Understanding the plight of bob the stripey blue triangle gives us important insight into the perhaps too antiquated way justice work tends to be done. Having this in mind, the final session of each track focused on what kind of action we could take back to our communities after the con to heal the injustice in question. After some very productive and surprisingly practical, realistic brainstorming, all tracks culminated on Sunday night. The groups came together to work on our intersectionality chops with a speed-dating type activity called “The World Café”, where all participants picked one specific issue from their tracks and paired off with someone from a different track (between songs) to discuss how their issues could be dealt with intersectionally. Directly after this activity, whole-event reflection discussions were facilitated by youth leaders. This event was full to bursting with forward-thinking ideas that radically changed the perspective of more than a few attendees, from the musically and morally charged keynote by Johnny 5 of the Flobots to Sunday night’s intense worship, to the candid and sophisticated group discussions, to the union of dozens of different values for a single umbrella goal. The group of youth that marched for justice in the MLK marade on Monday morning was a drastically transformed and more enlightened group than the one that tumbled into First Unitarian’s halls only two nights earlier.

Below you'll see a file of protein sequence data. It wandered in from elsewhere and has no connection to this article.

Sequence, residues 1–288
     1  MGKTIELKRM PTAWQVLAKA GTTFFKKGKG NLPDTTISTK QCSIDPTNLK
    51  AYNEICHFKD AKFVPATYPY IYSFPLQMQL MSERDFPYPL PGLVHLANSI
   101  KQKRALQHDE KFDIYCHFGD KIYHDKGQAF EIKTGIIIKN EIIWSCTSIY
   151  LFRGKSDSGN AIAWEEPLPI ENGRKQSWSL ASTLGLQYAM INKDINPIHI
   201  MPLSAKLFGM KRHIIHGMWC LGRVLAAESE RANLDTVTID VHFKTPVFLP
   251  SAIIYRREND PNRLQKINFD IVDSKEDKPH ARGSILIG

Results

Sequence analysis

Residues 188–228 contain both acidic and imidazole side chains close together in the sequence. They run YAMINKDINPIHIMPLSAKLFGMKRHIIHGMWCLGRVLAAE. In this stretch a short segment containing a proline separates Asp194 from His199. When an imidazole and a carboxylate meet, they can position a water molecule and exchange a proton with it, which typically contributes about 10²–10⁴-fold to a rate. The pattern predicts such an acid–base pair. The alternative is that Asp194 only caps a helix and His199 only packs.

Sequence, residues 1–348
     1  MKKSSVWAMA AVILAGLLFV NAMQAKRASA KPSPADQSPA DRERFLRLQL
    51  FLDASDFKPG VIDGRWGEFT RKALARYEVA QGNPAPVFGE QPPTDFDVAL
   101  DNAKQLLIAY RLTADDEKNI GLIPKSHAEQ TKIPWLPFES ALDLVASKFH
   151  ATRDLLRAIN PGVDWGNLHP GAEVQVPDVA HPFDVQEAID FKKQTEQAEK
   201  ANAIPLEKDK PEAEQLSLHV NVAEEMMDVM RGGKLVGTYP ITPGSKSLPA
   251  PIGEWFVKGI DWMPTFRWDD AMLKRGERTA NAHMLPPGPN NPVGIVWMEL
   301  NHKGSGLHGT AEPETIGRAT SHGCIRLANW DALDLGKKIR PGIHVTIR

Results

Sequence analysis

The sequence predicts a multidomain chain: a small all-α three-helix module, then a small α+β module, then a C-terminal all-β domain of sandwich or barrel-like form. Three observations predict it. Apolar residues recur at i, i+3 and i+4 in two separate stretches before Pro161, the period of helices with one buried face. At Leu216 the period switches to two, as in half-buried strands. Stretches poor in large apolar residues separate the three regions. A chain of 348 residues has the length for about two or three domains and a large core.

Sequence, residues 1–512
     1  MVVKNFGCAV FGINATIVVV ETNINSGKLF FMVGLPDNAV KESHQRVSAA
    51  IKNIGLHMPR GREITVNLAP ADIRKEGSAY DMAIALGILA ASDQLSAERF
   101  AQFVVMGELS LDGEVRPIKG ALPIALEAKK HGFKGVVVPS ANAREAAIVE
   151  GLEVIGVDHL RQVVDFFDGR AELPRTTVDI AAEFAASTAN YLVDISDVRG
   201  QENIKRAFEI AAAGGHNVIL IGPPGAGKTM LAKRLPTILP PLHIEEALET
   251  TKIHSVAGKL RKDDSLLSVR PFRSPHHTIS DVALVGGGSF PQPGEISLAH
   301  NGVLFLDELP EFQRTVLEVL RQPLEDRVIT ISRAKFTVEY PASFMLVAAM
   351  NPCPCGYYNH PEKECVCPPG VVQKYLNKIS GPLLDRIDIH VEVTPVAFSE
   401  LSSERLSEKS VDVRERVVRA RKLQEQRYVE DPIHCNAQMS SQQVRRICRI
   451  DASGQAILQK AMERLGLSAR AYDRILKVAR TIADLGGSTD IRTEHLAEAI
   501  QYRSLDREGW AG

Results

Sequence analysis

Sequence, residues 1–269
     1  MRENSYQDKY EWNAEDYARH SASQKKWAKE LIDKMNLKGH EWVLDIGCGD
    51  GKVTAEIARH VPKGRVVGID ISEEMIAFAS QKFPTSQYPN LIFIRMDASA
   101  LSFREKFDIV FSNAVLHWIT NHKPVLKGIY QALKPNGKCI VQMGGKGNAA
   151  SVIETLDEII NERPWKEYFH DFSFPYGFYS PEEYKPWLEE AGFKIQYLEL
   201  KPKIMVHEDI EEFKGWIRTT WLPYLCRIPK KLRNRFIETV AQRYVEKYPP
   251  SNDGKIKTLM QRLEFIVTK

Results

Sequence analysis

Why are events like this important to us as a faith? Let the reason be postulated thusly: As Unitarian Universalists, we like to think of ourselves as accepting and progressive. Every single one of our seven principles suggests that we enter all circumstances and interactions with an open mind and an understanding heart. But this gentle doctrine becomes much more difficult when we’re confronted with opinions and people who are different from us. One of the tremendous advantages of any faith community is the increased likelihood of cognitive and demographic congruence from person to person, but it can also be a deceptive and insidious crutch. Arguably, one of the most spiritually uncomfortable moments in life is when we feel ourselves violating our own values at the moment that we’re thrust into a circumstance that forces us to enact those values for the very first time. We cannot hope to be proponents of lasting change if we are unwilling to dip our hands into change’s messier side. What MLK CON and its content invited us to do is push through those initial feelings of guilt and incongruence and immerse ourselves in the complexities of every injustice we see. One can only imagine what kind of world we’d live in if every person launched into the world had the sensibilities and critical thinking that this conference nurtured.
As youth ourselves writing this article, we hope that this event will expand and gain footing even more in the future, maybe as an intergenerational and even interfaith project. This year’s MLK CON was one of a kind, and deserves the attention of everyone in our community – whether you’re an armchair activist or shout truths from a lectern at the world’s most influential rally.